The letter talks of a “general feel-good factor”, but doesn’t address the fact that, in the developed world, general wellbeing long ago ceased to be linked with GDP growth. In July, The Prince of Wales called for an end to the “consumerist society where growth is an end in itself.” His Royal Highness also said that “progress has come at a price” and that it “depends on how you define both ‘growth’ and prosperity’…in our modern situation these ‘ends’ have become dangerously confused with the ‘means’, to the point where, now, wealth, innovation and growth have become the final goals.”
The debate is changing
Sir Jonathon Porritt says in his recent report Living Within our Means : “In their bones, world leaders know that if the global economy keeps growing at around 5% per annum (as it has done over the last couple of decades), then its game over for human civilisation as we know it.” Adair Turner, past head of the CBI and now Chair of the FSA and Climate Change Committee, says in Do Good Live Have to Cost the Earth that we need to “dethrone growth’.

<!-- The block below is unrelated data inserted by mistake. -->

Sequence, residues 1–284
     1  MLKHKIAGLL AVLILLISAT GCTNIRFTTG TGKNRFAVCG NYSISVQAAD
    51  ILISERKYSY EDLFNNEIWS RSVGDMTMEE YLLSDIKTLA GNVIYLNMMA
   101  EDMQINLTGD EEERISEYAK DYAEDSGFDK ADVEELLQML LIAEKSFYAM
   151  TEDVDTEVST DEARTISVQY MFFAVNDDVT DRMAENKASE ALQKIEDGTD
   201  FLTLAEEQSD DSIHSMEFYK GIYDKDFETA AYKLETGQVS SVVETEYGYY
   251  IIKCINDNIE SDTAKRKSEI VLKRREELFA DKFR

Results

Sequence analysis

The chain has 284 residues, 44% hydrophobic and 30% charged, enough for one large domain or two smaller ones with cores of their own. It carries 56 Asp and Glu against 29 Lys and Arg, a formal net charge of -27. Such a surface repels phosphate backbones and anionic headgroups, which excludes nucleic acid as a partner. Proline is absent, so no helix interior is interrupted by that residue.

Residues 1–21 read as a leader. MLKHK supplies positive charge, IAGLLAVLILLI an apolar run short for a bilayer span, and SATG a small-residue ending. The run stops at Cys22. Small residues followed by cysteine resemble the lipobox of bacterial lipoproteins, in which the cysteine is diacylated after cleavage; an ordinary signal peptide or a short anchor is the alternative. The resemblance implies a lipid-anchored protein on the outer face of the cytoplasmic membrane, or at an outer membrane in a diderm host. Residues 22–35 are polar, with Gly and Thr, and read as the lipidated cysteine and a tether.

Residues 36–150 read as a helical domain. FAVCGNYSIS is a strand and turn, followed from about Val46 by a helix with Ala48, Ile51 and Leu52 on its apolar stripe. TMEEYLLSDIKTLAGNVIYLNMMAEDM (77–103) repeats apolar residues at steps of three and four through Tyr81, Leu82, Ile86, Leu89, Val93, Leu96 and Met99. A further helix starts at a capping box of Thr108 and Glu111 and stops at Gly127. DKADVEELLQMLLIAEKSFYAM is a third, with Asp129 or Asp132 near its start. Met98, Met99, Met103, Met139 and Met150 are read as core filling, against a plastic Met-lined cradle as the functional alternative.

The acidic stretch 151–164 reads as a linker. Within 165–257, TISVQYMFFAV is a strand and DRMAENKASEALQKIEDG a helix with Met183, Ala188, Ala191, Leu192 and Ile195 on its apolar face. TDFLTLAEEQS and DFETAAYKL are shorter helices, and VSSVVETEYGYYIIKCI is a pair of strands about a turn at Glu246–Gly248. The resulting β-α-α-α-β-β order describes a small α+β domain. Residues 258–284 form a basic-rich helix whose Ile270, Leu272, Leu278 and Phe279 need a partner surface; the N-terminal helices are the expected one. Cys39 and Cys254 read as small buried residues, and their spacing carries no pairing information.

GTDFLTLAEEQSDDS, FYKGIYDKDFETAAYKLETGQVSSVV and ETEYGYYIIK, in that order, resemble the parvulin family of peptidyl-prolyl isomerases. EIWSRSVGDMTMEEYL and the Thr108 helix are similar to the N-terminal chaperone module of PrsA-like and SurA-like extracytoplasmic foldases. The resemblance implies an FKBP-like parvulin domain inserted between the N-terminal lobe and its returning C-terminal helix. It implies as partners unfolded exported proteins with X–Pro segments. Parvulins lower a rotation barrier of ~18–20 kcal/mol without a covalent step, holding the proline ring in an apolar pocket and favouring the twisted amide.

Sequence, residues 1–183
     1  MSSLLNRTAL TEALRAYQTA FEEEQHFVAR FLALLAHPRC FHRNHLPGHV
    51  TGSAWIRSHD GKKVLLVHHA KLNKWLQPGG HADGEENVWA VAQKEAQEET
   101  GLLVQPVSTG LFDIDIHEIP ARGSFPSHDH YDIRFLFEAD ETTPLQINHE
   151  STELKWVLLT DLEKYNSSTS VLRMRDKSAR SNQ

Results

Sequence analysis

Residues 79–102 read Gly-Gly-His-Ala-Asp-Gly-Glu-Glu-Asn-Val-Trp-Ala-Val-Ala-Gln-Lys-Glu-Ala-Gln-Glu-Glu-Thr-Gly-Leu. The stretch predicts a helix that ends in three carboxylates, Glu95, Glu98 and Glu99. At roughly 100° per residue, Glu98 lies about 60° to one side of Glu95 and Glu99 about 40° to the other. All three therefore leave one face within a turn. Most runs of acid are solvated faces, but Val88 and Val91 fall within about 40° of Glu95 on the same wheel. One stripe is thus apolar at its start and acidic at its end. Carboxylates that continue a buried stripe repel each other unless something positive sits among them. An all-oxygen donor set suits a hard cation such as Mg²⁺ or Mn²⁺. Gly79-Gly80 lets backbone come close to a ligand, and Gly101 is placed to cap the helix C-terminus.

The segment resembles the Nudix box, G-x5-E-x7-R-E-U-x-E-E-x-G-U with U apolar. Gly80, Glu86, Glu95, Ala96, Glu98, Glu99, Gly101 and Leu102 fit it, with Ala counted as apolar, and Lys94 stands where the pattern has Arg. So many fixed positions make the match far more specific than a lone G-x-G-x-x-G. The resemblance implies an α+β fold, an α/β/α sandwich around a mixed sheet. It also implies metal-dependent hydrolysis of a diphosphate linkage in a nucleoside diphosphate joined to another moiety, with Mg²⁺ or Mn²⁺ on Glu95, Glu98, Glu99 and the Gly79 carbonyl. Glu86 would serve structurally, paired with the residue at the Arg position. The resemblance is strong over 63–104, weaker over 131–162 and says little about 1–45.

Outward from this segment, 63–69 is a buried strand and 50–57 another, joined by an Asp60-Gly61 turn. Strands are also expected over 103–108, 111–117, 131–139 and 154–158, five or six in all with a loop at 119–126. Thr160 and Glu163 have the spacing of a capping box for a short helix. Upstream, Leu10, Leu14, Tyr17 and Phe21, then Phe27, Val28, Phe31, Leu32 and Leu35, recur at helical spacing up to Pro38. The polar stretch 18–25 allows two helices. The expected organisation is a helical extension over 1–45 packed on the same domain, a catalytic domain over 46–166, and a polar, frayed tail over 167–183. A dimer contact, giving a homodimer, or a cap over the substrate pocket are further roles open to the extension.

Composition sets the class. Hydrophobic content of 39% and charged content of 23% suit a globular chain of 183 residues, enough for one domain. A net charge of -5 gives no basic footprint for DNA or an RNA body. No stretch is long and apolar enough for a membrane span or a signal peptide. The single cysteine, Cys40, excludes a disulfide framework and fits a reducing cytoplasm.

Despite the sclerotic nature of our politics, a notable few political figures are beginning to engage with the ‘progress beyond growth’ debate. These include President Horst Köhler, President Barroso, EU Environment Commissioner Dimas, OECD Secretary General Angel Gurria, David Cameron, the Swedish centre-right and President Sarkozy’s Stiglitz Commission.
Beyond rhetoric there has been little deeper debate in politics about these issues. As the Sustainable Development Commission puts it, “We see [today] a society and a Government whose primary objective is still the achievement of economic growth as conventionally understood and measured, with as much social justice and environmental protection as can be reconciled with that central goal. We envisage a society whose primary goal should be the wellbeing of society itself and of the planetary resources and environment that sustains us all, with economic objectives shaped to support that central goal rather than the other way around.”
Yes we can
Things can change. Harvard Professor John Quelch’s 2008 study Too Much Stuff says: “The mass consumption of the 1990s is fast fading in the rearview mirror.”
Our current form of corporate-consumer-capitalism has been shown to be what many of us knew it was: a fundamentally flawed system which badly needs updating. Jeremy Paxman has asked if we are seeing the “end of capitalism”. Martin Wolf of the FT has said that “the dream of global free market capitalism is dead”. Bank of England Chair Sir Mervyn King has agreed saying Wolf’s comment “strikes a chord.”